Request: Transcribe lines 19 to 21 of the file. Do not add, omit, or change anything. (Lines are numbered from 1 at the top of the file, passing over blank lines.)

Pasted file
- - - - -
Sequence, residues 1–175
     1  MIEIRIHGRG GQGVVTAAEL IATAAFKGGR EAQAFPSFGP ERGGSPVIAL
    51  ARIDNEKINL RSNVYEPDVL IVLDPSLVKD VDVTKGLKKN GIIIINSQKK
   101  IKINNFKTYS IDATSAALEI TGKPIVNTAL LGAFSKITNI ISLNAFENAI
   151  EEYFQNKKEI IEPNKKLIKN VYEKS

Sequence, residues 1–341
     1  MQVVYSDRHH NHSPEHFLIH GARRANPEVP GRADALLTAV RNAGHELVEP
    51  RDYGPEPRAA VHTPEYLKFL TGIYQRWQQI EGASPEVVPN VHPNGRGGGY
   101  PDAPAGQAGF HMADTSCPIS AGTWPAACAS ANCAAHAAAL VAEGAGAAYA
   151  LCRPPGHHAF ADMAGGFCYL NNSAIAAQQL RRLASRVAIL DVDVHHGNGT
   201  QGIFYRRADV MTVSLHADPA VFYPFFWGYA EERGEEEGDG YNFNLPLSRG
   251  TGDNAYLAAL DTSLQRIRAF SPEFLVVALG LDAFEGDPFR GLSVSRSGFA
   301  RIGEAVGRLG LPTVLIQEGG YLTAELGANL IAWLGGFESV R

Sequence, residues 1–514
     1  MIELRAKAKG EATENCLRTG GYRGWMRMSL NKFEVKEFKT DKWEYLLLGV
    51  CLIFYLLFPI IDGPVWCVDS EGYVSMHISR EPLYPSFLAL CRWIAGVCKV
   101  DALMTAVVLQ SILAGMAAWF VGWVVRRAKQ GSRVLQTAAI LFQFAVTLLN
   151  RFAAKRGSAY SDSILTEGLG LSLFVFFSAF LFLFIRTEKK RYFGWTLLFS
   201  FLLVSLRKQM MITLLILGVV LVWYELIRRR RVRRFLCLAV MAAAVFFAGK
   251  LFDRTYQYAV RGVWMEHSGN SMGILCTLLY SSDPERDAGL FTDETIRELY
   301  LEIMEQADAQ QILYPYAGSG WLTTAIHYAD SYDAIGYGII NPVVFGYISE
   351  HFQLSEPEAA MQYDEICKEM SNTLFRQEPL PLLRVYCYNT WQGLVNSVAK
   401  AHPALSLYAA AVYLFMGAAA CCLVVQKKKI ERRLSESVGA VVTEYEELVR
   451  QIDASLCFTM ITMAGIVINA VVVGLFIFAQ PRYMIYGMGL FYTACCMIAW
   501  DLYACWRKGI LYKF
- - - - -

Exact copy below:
   201  FLLVSLRKQM MITLLILGVV LVWYELIRRR RVRRFLCLAV MAAAVFFAGK
   251  LFDRTYQYAV RGVWMEHSGN SMGILCTLLY SSDPERDAGL FTDETIRELY
   301  LEIMEQADAQ QILYPYAGSG WLTTAIHYAD SYDAIGYGII NPVVFGYISE